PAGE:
Detailed tracking processes and software help credit unions manage risk and stay compliant.
It’s 2019, and your credit union’s procedures and policies are more important than ever to ensure security compliance and meet industry standards. As a vendor or procurement manager, your department may face the challenge of improving your organization’s technology vendor and supplier management best practices and procedures.
Regulatory Challenges and Resources
The pressure of adhering to vendor management industry best practices stems from many areas. Fraud is a big concern within supplier management, and such corruption as kickbacks and bribes are a significant risk. Ensuring that your organization is using the best value supplier and products can also be difficult—working with weak or underperforming vendors is another ongoing risk.
To provide guidance on better vendor management and financial control, many federal, state and local government agencies have published procedures and policies for fair vendor management and procurement. For example, the United States Government Accountability Office recently issued updated guidance and improvement practices. The Office of the Comptroller General of the United States also issued guidance for management to implement controls for oversight and establish internal control standards in the Standards for Internal Control in the Federal Government in September 2014. The publication discusses establishing an effective internal control system that includes risk assessment, monitoring and reporting processes. When applied to third parties, these control processes aim to prevent such issues as unauthorized modifications to software or accepting inaccurate or fraudulent information from vendors.
A Better Way to Manage Vendors
CobbleStone Software has outlined some key steps to help credit unions get started improving their vendor and supplier management processes, including regulatory reporting. Here are 10 best practices that, when implemented conjunction with a vendor management software solution, can help establish better governance over vendor management:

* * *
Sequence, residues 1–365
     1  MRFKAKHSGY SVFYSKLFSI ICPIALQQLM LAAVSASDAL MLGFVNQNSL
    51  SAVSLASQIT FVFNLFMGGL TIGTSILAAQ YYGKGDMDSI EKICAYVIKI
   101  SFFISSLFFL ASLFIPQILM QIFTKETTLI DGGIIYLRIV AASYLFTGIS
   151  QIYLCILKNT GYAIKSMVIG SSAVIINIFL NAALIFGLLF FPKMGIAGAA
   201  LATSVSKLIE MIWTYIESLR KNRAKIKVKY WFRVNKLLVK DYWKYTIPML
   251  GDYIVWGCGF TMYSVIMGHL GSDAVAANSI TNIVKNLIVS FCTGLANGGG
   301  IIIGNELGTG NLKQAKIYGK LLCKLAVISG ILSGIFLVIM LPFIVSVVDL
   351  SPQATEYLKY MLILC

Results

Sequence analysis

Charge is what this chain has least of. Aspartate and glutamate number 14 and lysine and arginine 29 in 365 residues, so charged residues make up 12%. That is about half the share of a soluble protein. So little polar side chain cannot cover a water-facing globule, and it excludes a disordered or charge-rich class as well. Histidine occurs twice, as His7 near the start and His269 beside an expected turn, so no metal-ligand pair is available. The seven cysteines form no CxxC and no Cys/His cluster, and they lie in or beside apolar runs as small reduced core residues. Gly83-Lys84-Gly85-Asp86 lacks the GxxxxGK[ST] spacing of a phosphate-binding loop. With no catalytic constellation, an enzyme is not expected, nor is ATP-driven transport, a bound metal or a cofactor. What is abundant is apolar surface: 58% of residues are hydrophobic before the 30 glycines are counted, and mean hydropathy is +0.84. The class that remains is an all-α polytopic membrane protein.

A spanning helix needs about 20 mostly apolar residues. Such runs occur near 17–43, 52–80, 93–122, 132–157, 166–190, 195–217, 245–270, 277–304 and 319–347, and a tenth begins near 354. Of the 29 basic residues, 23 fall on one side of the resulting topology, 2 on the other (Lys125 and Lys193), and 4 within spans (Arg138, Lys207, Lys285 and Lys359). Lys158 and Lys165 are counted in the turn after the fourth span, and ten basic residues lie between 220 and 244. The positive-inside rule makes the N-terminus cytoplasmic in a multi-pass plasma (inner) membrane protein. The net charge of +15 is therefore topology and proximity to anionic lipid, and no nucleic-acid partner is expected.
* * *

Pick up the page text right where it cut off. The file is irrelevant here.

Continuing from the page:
- Manage vendor/supplier contact details: Implement a system to track such vendor/supplier details as names, addresses, tax/EIN numbers, D&B numbers (also known as D-U-N-S or Dun & Bradstreet ID number—a unique nine-digit identification number assigned to business organizations of all types globally) and periods of performance (the timeframe in which the vendor agrees to fulfill their agreement). Provide vendor management sign-up forms to easily collect supplier data and onboard new vendors online.
- Track vendor performance: Track each vendor’s stability, revenue, employees, services, performance scores and value of contracts.
- Track vendor qualifications: Track vendor certificates, licenses, training, insurance, security classifications and services/products supplied.
- Routinely rate vendor risk: Rate risk for performance, quality, financials, data exposure, service and security.
- Track DBE and minority goals: Track minority and disadvantaged business enterprise participation, percentages and amounts, as this is required for many large companies and organizations utilizing government, state or public funds.
- Track insurance details: Track policy numbers, coverage dates and limits by coverage line.
- Analyze historical data: Perform routine audits, assessments and past performance reviews via internal and external surveys.
- Set up automated alerts: Schedule approval alerts, to notify the procurement team when a contract has been sent for approval, when approval is received, and when the contract is expiring, and monitoring alerts, to proactively check contract status without manual contract tracking, during new vendor onboarding.
- Create reports: Create reports for minority reporting, audits and vendor reviews.
- Communicate: Provide better communication with your vendors via a secure vendor/supplier portal.
As your vendor management program matures, you may also consider implementing a robust software solution to help with electronic requisitions, e-procurement, online bidding and sourcing, RFx (request for proposal, request for information, request for quote and request for bid) management and integrated contract management.
Although this article is not a comprehensive guide for every organization’s vendor management process, by implementing some of these best practices assisted by vendor management software, you can become a vendor/supplier champion at your organization. As always, check your state laws and regulations and seek legal advice to ensure compliance with applicable laws and regulations.
Mark Nastasi is EVP and founder of CUES Supplier member CobbleStone Software, Lindenwold, New Jersey, and created one of the first commercial, off-the-shelf contract management software solutions.